From: Daniel Radetsky (firstname.lastname@example.org)
Date: Wed Aug 03 2005 - 18:41:58 MDT
"Eliezer S. Yudkowsky" <email@example.com> wrote:
> If you read http://yudkowsky.net/bayes/technical.html you will see why you
> should never assign probability zero to anything.
Give me some credit. I was careful to never say "zero probability" just in case
whatever I thought had zero probability actually happened, and I wanted to
> The best probability estimate we can get is by analogy to historical cases
> from dogs to Lord Kelvin. End of story! You cannot demand a specific
> account of how an AI could break free from a box, else assign probability
But I never did that. This is not about truth, it's about justification. I am
not justified in assigning any particular probability to the existence of
plausible exploits. So if I treat it as something I ought to worry about, I am
not justified in doing so, and therefore paranoid.
> It is like asking for a specific account of how an opponent could win a game
> of Go against you, else assigning probability zero to your loss.
It's more like saying if I don't know of any means by which he could win, I'm
not justified in assuming that he will. However, I do know a means you could
beat me at Go: you could make a series of moves in such a way that you control
> If you permit (and you must permit) historical generalizations about similar
> but not identical situations, such as past games of Go, in the absence of
> specific exhibited possible winning moves against you, then you must permit
> historical generalizations about similar failures of physical theory and
> failures of imagination, in the absence of specific exhibited possible
> winning moves against you.
I'll permit historical generalizations, but what's unclear is whether, in the
case of physics, those generalizations should tell me that I don't know what's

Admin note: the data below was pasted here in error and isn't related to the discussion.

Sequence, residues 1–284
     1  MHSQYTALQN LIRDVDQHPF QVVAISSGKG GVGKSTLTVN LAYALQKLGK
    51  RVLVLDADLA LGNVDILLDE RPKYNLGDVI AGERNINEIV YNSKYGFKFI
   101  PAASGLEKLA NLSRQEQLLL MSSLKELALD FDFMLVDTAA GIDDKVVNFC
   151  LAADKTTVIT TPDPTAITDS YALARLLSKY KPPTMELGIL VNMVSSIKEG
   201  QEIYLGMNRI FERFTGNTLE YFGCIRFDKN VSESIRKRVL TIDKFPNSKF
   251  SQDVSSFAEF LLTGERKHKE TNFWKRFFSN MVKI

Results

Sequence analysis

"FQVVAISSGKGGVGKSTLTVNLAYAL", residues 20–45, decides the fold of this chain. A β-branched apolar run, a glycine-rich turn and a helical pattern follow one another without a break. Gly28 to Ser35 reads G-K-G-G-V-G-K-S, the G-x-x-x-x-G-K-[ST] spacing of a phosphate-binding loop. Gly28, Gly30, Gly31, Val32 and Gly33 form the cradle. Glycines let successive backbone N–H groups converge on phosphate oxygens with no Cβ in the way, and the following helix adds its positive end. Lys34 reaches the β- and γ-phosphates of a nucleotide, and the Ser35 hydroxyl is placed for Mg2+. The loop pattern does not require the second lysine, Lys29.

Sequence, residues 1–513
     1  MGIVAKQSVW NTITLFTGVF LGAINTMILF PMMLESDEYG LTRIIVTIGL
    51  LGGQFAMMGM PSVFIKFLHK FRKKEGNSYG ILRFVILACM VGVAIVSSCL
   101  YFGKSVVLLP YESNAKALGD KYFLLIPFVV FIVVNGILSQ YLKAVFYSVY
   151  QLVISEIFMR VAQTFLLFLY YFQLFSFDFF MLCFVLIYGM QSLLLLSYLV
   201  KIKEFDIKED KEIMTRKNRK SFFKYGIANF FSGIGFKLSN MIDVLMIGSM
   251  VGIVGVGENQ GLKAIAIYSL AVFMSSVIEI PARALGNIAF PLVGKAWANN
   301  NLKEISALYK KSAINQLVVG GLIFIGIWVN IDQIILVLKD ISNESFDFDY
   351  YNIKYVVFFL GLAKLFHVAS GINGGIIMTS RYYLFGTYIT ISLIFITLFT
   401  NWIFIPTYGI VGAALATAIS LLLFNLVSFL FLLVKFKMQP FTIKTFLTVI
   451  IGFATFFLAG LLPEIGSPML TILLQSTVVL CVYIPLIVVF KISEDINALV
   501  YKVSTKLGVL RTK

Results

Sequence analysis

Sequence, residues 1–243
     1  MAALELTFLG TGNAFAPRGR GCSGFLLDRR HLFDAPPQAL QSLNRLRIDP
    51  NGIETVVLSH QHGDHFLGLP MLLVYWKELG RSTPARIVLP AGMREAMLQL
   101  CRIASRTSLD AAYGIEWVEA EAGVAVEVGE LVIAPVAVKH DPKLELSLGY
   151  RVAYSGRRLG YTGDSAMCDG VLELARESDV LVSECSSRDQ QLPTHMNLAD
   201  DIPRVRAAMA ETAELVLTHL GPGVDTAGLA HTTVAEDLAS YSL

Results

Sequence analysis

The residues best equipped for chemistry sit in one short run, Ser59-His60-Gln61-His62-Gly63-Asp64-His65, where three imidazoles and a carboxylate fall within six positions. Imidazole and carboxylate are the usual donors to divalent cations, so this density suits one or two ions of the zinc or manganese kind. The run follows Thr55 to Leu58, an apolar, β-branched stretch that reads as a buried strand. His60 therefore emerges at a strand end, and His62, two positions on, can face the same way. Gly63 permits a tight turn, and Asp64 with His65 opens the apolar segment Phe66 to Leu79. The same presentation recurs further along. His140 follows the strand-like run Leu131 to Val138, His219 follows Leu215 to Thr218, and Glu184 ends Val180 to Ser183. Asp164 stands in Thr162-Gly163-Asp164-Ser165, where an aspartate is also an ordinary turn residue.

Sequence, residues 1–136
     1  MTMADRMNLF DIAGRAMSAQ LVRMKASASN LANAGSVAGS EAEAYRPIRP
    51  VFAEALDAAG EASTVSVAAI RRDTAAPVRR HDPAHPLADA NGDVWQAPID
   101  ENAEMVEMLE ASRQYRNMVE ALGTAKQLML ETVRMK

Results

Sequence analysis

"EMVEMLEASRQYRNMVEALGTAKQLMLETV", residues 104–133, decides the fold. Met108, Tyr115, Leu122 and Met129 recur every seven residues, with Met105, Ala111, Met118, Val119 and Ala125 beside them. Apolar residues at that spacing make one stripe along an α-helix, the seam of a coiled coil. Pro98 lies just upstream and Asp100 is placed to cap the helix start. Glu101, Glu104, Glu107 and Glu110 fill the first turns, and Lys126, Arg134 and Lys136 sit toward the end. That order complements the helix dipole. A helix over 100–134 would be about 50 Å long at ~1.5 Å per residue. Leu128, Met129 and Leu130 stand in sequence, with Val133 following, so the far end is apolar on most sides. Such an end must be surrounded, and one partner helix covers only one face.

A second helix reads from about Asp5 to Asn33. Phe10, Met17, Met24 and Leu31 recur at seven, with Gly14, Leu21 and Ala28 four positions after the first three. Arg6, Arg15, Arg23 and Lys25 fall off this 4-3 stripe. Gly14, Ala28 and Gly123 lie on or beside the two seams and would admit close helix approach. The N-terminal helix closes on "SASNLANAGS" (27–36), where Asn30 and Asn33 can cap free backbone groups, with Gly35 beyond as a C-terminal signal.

going to happen, or that some specific thing is going to happen. I take the
> I think that's essentially the end of the discussion so far as I'm concerned.
If you want to stop replying, that's fine, but I'm far from conceding defeat.
> You are simply using probability theory incorrectly. If you read up on
> technical rules for assigning probability in the absence of specific support,
> you will probably get a better idea of where your verbal argument goes wrong,
> even though you cannot use these methods to calculate a quantitative
> probability in this case.
I don't think my verbal argument goes wrong. We agree that we are not justified
in assigning any probability to the existence of exploits. I propose the
principle that if we are not justified in assigning any probability to X, we
are not justified in worrying about X. Keep in mind that it might be the case
that we ought to worry about X even if we aren't justified in doing so, but
that's not an argument we can make. Do you disagree with my principle? It seems
like you have to.
> If you believe that some principle of rationality requires you to assign a
> zero probability to something that could actually go ahead and happen, or a
> negligible probability to something that stands a good chance of really
> happening, then whatever you are doing is not rationality.
I'm guessing that you think that (physical) exploits stand a good chance of
happening, and so they form a counterexample to my principle. I'm not sure I
buy that, but in any case it doesn't matter because I'm assigning a zero
justification, not probability. Truth is independent of justification.
> I'm not sure there's anything anyone can say to you beyond that. You appear
> to have leaped to a conclusion and to be using an alleged principle of
> rationality to justify it, which principle accords not with probability
> theory, nor exhibits qualitative correspondence to common sense.
I disagree. I think my principle exhibits plenty of qualitative correspondence
to common sense.
> No one else here agrees with your principle and you have made no case for
> it. If you continue to appeal to the principle, you will convince yourself
> but no one else.
My case is essentially that if you do not use justification of the likelihood
of particular worries, then you cannot adjudicate between real and fake worries.
Why are you worried about exploits and not invisible ninja hippos? I would say
that I'm not justified in worrying about ninja hippos because of my appeal to
historical generalizations about the likelihood of ninja hippo attacks. I
don't think that a historical generalization tells me that exploits are likely.
In fact, I don't think anything tells me that they are likely. So I don't
believe in them. Do you think that historical generalizations do tell you that
exploits are likely, as opposed to just not ruled out? Do you think that the
same principles of maximum entropy tell you that there are exploits but no
ninja hippos? I don't get it.
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